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Video games have been around for a long time now. They are many people's favorite past time, and even a way to make money. Playing video games transitioned from a hobby to a job very quickly, especially when video and live streaming platforms like YouTube and Twitch came up. With these platforms, many people raised their controllers in the hope that they would become the next player to make millions doing what they love. With more people playing the players, the game developers need to get better and more up-to-date products. Although these products are not the best, they do everything for the money in the end, as it is a company.
When video games were played, they were an incredible achievement and everyone was unique in their own way. Although they did not look good in the 80s and 90s, they offered something that even many games today do not offer. And that something is quality. In the last five years or so, video games have become more of a service than real entertainment. Slow top Triple A developers began to integrate microtransactions into their games, very different from DLC (downloadable content). DLC was always an extension or more content to make the game more playable, which in turn made the players more entertained and wanted more. The problem lies with video games that try to sell parts of their games that should have been free or unlocked by actually playing the game instead of just inserting a credit card number to unlock said heroes or items. This is a common practice recently and it has raised many questions, and even many countries believe that "loot boxes" are playing, which in reality it is. A plunder in video games is when a player either uses the currency of the game or real currency to get a random item or a random set of items. Now the value of these items is based on a scale, some players will get rare or higher quality items compared to others simply based on odds. This is mainly aimed at the younger players who are more naive and willing to spend the money they have on a game to make them look cooler or play better. All just to get ahead of the curve.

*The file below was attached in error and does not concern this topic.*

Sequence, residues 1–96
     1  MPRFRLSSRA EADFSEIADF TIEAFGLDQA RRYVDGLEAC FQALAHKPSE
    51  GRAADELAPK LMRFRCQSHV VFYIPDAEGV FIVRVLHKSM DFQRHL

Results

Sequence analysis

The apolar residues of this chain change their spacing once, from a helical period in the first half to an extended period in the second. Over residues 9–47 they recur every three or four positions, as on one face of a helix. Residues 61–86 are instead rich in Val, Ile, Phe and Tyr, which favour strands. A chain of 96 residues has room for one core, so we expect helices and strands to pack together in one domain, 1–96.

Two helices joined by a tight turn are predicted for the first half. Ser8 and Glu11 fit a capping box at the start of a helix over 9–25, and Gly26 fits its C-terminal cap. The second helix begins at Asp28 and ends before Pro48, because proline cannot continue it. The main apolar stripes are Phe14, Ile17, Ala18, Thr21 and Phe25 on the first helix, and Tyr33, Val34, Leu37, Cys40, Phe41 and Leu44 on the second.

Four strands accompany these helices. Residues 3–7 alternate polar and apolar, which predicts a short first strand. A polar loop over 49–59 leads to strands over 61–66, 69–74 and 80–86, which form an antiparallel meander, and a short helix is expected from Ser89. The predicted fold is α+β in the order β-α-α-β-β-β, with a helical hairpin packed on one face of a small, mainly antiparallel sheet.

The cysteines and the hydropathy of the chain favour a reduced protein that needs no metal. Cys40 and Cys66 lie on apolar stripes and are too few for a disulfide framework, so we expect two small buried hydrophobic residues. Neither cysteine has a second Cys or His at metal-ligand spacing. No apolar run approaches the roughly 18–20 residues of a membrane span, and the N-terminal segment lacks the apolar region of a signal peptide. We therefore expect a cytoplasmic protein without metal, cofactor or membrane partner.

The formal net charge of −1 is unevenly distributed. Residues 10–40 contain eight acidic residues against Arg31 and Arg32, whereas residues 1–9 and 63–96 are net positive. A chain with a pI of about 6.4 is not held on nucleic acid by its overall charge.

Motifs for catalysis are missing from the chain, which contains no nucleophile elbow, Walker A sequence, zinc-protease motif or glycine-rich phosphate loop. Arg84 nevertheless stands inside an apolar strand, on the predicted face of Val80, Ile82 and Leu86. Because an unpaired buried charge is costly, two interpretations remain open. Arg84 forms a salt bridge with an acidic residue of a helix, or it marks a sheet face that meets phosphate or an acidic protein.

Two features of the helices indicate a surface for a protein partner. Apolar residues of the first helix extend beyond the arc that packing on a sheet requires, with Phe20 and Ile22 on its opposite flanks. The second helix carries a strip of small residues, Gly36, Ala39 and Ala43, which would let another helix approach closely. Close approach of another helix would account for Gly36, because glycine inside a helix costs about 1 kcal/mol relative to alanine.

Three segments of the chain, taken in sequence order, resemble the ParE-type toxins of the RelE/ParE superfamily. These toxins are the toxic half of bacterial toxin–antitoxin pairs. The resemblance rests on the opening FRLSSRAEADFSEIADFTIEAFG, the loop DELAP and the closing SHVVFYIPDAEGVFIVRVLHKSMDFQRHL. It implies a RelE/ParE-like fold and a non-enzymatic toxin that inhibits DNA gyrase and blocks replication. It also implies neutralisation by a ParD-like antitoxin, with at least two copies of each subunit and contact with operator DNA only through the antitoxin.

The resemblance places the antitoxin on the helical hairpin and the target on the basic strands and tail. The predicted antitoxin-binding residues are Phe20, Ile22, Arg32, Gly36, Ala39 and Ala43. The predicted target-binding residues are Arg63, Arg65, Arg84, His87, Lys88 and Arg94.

This practice is extremely dangerous not only because it promotes games for children, but it can be extremely addictive. There are many cases where people spend thousands of dollars just to get a single article or to buff their character or team. Obviously the developers don't care, because it's just more money for them, but they never look at what this can do for a person's livelihood and even their families.
The main reason for these methods being implemented is that the developers continue to generate money even after the game is released. Based on the statistics, microtransactions make more overall than the game itself, and those types of game series are released on an annual basis with little or no changes in the video game itself. It is extremely rare to find a finished game in any store or market that does not offer microtransactions, even if they do not affect the game, it is still an important issue.
If developers want to keep players entertained and invested in their video games, they should develop quality games instead of creating games that are barely finished loaded with microtransactions. The games as a service trend are slowly killing the quality of video games. Sooner or later people may not even own the game, everything will just be a rental, but the player still has to buy a code to play the rent and then pay the rent to play the game that is not even theirs. See how crazy it sounds !? The only way all this will change is if the player chooses to switch.